For a lot of people, the thought of investing for the first time is scary. After all, it seems like a complicated world, with a lot of technical jargon and acronyms thrown around, gate-kept by men in three-piece suits.
But investing in the stock market doesn’t have to be complicated or scary. You can learn how to build an investment portfolio that perfectly fits your life and financial situation, manage your own investments with confidence, and be your own best financial advisor.
And today, I’m going to teach you exactly how to do that. Welcome to investing in the stock market for beginners!
I’ve taught thousands of women who didn’t think they would ever be able to invest how to successfully build wealth through the stock market, and today, I’m going to show you how you can in 8 easy steps.
How to Start Investing in the Stock Market for Beginners
1) Build a solid financial foundation
You know how there are some classes in college that you can’t take until you’ve completed the pre-reqs?
Prerequisites create a solid foundation of knowledge so you can ace the harder classes.
Well, there are certain pre-reqs you need to complete before you start investing so that you can successfully build wealth. And here at Dow Janes University, we’ve created our own catalog of everything you need to complete before you start investing. We call it our Wealth-Building Roadmap; let me break it down for you.
- Spend less than you make every month. This is the foundation of financial wellness. If you’re spending more than you make, then you’ll never get ahead financially.
- Pay off high-interest rate debt. This is any debt with an interest rate above 7%. On average, stocks have an interest rate of 8-10%. So if you have debt with an interest rate above that, you’ll never be able to make money on your investments because you’ll always owe more than you make.
- Build an emergency fund. This is to financially protect yourself in the event of an emergency. You don’t want to have to pull money from your investments – and potentially lose money – in case your car breaks down or you get laid off. If you don’t have an emergency fund, start by saving $1,000, then build up until you have enough to cover 3-6 months of expenses.
- Save for retirement. Saving for retirement is all about building up your savings so that once you stop earning income, you still have money to live off of. In this step, you want to max out your retirement accounts and put money away for future you.
Once you’ve finished those 4 steps, you’re ready to invest!
2) Choose how you want to invest
Investing is more widely available now than ever before…and you have more options for investing than any other time in history.
Here are the three broad categories you have when it comes to choosing how to invest:
- Hiring a Professional
- This is when you hire someone to manage your investments for you - like a financial advisor. This is the most hands-off option, it’s also the most expensive option. Having a financial advisor manage your money can cost you hundreds of thousands of dollars over your lifetime, and they often aren’t going to do a better job than you could by just investing in Index Funds (which we’ll talk about later!). Also, most financial advisors won’t work with you unless you have at least $100,000 to invest. So suit yourself, but this is not the option I would recommend.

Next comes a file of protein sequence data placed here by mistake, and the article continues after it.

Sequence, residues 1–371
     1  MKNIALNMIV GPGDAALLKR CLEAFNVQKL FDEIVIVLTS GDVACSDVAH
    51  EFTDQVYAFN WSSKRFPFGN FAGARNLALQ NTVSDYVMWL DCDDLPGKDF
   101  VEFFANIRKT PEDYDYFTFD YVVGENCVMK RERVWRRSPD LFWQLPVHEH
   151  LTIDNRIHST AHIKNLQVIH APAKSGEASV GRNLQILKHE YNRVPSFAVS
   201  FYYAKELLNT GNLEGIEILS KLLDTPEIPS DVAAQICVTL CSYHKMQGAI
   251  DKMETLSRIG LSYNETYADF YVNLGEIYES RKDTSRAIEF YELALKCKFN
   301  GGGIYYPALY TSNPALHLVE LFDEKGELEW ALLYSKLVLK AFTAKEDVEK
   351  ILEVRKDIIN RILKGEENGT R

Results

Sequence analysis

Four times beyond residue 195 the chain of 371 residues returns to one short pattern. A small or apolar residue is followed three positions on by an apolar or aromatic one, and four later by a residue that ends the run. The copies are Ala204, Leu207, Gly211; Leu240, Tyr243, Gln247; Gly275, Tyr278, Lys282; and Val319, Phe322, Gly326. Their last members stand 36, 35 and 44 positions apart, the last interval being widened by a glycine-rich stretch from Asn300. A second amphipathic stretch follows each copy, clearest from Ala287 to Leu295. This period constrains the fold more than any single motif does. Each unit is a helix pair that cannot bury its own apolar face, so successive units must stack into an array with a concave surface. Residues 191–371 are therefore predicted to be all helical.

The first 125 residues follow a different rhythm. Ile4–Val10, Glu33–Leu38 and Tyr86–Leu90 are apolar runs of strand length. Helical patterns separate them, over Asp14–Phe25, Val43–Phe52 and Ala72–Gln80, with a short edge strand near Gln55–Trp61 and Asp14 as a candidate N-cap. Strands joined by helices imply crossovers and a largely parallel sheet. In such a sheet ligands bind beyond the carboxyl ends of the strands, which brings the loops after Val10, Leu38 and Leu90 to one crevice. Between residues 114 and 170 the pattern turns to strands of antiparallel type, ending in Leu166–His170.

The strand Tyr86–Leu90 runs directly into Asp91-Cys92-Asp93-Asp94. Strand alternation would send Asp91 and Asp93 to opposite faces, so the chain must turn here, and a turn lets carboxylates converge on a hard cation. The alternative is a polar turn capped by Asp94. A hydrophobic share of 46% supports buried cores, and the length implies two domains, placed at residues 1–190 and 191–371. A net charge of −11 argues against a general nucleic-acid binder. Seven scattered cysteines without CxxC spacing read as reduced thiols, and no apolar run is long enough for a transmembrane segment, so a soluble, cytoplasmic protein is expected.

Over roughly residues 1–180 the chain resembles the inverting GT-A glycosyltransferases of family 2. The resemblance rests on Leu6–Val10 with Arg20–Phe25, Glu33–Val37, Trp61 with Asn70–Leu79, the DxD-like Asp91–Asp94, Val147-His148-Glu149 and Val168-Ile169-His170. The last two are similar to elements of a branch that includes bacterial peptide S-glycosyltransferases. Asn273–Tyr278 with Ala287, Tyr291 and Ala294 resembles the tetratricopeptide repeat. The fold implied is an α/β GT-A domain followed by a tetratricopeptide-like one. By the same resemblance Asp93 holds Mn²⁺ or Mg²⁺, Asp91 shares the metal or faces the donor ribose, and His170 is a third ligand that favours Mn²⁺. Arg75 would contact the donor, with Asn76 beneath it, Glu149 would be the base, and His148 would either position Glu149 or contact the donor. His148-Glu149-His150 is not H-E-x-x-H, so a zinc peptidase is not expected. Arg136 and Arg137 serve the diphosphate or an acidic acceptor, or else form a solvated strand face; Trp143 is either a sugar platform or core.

- A robo-advisor is a digital platform that provides automated, algorithm-driven financial planning and investment services with little to no human supervision. When you invest with a Robo-Advisor, you make a few decisions - sharing your age, risk tolerance, etc. and the robot invests your money for you, in exchange for a fee - usually of about .25% of your assets (Which, if you’re investing $1,000, is $2.50 per year)
- Two things to note: if the robo-advisor charges a flat fee instead of a %, do the math! For example, if they charge $5 per month and you’re only investing $1,000, then you’re paying a 6% fee!! There are plenty of companies that offer this service for a fee of .25%, so shop around and compare the fees before you choose where you’re going to invest.
- The upside of using a robo-advisor is you don’t need to manage your investments yourself and it’s a pretty simple start-up process.
- The downside of using a robo-advisor is that you have no control over how your money is being invested. So if you care about not investing in fossil fuels, or not investing in tobacco companies, you likely won’t be able to control for this.
- As the name implies, this is when you manage your investments yourself. This may sound daunting, but it’s not as difficult as it seems. This is what we teach our members how to do in the Million Dollar Year. Why do we do this if robo-advisors are so prevalent and simple? Because when you know how to manage your money yourself, you get full control over your investments, and we’ve seen how when women know how to manage their own investments, their confidence skyrockets.
That’s what this article is about -- it’s teaching you how to manage your own investments so that you don’t have to pay any fees to advisors or robots, you get to build your own portfolio, and you get the confidence of knowing you can do it on your own!
3) Open an investment account
An investment account houses the money you use to invest. It’s like a savings account you can invest from.
As you’re picking a brokerage, here are a few things to keep in mind:
- Good customer service: If you’re having trouble with your account, you want to be able to get a hold of someone to help you fix it ASAP.
- Low fees (also called “expense ratios”): Don’t pay more than .3% in fees for the funds you’re investing in.
- Easy interface: The website should be easy to navigate and find what you need